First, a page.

Being among the Cubs writers that assesses talent for the upcoming draft puts me in "elite company." By that, I mean not many people do it, not that I'm especially adept at it. When someone plies their craft and calls it Draft Prep, it does kind of rub me wrong. I've been doing this for about a decade, and calling it Draft Prep for about a decade. I'd think if you're doing what I'm doing regarding wordsmithing, you could forge a different moniker than I have for a decade, but so it goes. It's apparently hard to do a draft preview in the post-modern age.
It boils, essentially, to what you're looking for. For me, the four weeks of college games this season were the best. I'd look at a schedule, find a game that looked compelling, and prioritize it. Maybe I'd find a video stream. Perhaps I'd get an audio call. Either way, I'd add data. The good pitcher faces the good hitter. Something's got to give. If the name arm shuts down the good hitters, he gets the credit. I'd toss in video to supplement. Or, if the hitters have their day in the sun or clouds, their video leads on Friday night. The players that do well in games get their appreciation. Those that lose their luster fall to third, or third day, draft options.
However, that isn't the "in vogue" method of talent assessment (another good term to use if you want to say draft prep without invading my territory). Since much of the draft discussion (yet another) circulates around the 16th pick in the draft, the cool person way to do it seems to be to take five names on the pitching or hitting side, and use some scout-ish terms. Perhaps toss in a scant bit of video on a favorite name, and sample text from an expert in the field. Perhaps you like Carmen Mlodzinski or CJ Van Eyk. You haven't necessarily listened to or watched a game of theirs. Or, perhaps you have, and you pitch examine (kinda close to another one, there) your way into the verbal on his 11-to-5 breaking ball, or his curve with nice slope and fade, because this one outing is the one to prioritize over the other less-available streams.
In reality, though, pitcher assessment is now about trading the results from an Edgertronic computer readout. Instead of "pitched well against LSU and Vanderbilt" or "seems like a valid No. 2 starter in three years" or even "represents three above average MLB offerings in four years," it's the computers. "If you look at the readouts from when he visited our 'Scout Day' Camp, his numbers represented..." We all do what we default to, and try to add a little bit as we go. The reality seems, anything we examine leaves behind a partial picture. Baseball talent assessment will always be an inexact science. Which predictive method will most accurately paint an accurate future on a player? It probably depends a bit on the coaching. If you bring in Lou Brock talent, but teach him to play like Jose Canseco, it might not work. Would the Cubs have gotten Jake Arrieta results from Justin Verlander? Why would it have been more that track than Tyler Chatwood? Wishing doesn't make a result accurate.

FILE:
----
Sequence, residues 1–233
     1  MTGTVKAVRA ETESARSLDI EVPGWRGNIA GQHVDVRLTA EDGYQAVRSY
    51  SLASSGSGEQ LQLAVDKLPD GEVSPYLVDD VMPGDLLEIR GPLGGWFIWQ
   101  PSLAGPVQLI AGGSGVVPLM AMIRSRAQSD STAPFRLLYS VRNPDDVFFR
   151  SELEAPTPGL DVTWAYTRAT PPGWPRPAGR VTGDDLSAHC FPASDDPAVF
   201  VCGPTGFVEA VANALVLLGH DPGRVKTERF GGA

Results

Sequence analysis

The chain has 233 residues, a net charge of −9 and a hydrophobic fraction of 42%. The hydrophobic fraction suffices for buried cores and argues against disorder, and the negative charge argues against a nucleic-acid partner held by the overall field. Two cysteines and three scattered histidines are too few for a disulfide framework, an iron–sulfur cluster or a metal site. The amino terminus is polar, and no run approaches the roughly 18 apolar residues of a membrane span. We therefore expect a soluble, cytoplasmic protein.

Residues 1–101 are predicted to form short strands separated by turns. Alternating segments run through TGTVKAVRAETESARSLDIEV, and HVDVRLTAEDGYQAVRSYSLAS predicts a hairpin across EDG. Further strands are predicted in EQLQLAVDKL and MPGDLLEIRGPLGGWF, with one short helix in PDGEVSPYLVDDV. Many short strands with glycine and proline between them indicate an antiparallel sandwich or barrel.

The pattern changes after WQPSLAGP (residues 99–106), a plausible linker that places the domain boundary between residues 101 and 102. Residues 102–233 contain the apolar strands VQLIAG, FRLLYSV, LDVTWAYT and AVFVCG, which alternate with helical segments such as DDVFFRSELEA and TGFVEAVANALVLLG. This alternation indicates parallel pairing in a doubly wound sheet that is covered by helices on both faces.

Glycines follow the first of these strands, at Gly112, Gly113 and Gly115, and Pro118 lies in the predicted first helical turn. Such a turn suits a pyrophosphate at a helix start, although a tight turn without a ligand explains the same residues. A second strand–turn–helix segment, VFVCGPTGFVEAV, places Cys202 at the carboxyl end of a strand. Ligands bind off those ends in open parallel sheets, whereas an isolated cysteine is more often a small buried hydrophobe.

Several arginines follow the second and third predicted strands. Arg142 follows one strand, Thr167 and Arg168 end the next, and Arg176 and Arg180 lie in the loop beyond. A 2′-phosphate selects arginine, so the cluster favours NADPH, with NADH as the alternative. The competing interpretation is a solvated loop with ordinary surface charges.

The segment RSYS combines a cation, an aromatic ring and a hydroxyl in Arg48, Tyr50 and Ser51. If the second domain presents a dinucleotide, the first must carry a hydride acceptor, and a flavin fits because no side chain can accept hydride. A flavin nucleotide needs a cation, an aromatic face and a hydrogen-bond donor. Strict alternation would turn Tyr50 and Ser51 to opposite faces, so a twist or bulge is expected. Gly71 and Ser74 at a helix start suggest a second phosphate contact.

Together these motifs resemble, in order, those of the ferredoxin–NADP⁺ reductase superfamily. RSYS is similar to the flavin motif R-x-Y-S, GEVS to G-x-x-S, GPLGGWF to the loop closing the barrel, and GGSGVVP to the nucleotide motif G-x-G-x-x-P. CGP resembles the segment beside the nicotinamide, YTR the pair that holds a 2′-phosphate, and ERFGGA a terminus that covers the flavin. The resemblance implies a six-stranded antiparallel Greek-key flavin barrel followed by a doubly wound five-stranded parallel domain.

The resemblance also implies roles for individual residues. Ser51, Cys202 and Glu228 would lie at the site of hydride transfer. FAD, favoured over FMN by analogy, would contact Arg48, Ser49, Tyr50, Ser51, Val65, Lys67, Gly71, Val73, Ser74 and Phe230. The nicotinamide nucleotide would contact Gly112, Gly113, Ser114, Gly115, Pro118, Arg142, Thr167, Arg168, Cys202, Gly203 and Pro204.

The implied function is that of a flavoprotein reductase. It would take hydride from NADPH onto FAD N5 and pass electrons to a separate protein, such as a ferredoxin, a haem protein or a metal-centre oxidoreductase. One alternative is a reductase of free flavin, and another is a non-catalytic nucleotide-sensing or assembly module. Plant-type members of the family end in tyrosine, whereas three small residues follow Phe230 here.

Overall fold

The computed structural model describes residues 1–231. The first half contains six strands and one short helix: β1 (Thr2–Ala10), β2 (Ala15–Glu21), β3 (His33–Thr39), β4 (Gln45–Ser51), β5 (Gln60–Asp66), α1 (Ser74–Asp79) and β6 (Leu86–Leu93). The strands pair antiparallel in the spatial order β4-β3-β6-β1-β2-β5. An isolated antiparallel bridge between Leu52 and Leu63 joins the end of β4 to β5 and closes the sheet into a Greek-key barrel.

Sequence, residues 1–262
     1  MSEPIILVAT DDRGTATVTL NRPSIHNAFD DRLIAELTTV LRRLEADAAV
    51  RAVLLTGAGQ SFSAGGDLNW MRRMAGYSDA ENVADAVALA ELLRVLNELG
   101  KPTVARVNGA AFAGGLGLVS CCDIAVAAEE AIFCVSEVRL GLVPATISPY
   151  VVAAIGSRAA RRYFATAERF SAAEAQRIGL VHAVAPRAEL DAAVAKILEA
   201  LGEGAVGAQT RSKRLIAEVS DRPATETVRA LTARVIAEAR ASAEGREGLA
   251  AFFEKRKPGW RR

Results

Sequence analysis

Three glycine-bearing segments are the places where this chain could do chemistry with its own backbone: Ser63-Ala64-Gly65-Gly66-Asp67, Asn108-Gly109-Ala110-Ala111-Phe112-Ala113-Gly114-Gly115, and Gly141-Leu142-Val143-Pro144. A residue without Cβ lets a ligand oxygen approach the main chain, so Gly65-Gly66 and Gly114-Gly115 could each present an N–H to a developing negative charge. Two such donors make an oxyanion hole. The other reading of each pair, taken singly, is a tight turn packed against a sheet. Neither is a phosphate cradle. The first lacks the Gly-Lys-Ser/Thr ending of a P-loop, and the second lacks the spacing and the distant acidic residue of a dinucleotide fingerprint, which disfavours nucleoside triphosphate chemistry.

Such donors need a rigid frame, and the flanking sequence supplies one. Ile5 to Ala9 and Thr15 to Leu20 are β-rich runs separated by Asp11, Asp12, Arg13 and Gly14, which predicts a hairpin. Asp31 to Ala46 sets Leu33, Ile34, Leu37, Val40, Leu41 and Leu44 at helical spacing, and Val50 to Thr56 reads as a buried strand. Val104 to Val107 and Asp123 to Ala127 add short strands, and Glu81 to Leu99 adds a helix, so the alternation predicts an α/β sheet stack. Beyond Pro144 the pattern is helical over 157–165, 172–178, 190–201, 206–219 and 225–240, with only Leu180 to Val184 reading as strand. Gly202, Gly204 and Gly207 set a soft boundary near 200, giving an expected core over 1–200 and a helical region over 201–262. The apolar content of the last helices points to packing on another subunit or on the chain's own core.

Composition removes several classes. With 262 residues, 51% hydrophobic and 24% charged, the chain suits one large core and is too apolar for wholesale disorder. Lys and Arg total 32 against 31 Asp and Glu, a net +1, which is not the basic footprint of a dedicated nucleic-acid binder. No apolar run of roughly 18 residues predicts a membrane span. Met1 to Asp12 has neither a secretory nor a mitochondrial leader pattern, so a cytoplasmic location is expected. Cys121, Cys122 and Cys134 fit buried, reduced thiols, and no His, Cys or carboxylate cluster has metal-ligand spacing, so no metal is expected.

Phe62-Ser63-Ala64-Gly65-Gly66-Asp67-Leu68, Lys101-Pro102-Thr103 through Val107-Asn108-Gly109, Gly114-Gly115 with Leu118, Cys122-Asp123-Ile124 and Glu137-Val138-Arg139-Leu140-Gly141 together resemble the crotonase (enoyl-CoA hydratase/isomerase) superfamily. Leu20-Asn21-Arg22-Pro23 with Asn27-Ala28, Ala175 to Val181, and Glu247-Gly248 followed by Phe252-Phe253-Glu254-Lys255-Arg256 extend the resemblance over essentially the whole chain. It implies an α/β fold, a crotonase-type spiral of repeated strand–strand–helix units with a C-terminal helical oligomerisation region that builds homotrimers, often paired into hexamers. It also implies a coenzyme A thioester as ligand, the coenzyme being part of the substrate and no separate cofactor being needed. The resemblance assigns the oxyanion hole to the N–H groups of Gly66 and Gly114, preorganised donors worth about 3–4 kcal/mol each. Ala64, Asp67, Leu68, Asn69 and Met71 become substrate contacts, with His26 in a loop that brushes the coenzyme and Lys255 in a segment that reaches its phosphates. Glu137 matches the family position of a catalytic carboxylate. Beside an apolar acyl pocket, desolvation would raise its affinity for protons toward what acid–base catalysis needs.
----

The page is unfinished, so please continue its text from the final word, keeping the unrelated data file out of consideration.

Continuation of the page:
The draft in June, and that sounds like the broad base for a date, will be five or ten rounds. Probably. The important people are still trying to figure out the best way possible to limit dollars going to players, as best as possible. And a mock by one of the best in the business sends the Cubs a catcher in Patrick Bailey. With two valid catchers on the MLB club, Miguel Amaya pushing to be ready in 2021, and a plethora of backstops of note upcoming, that seems odd. Not wrong or stupid, but odd. The Cubs have nobody knocking down the door to take Jason Heyward‘s spot, a few potential infield openings, and no clarity on starting pitching, but take a player that is at an organizational strength? Baseball used to be "take the best talent," and still somewhat is, but I'm not buying it. And I dig the player in question, Patrick Bailey.
If he plays with a Cubs affiliate in 2021, he'll be taking at-bats from Ethan Hearn or Ronnier Quintero, who both might be A-level options in 11 months or so. I get it, but I don't. Tennessee lefty flame-thrower Garrett Crochet, prep center fielder Pete Crow-Armstrong, Mt. Carmel's own Tim Howard, and Georgia right-hander Cole Wilcox make more sense (all are on the board at 16), and I'm an avowed cynic regarding Crow-Armstrong. The draft chatter is starting, but the part of it I enjoy the most.. the actual games between schools... is lacking. And I'm not reacting very well.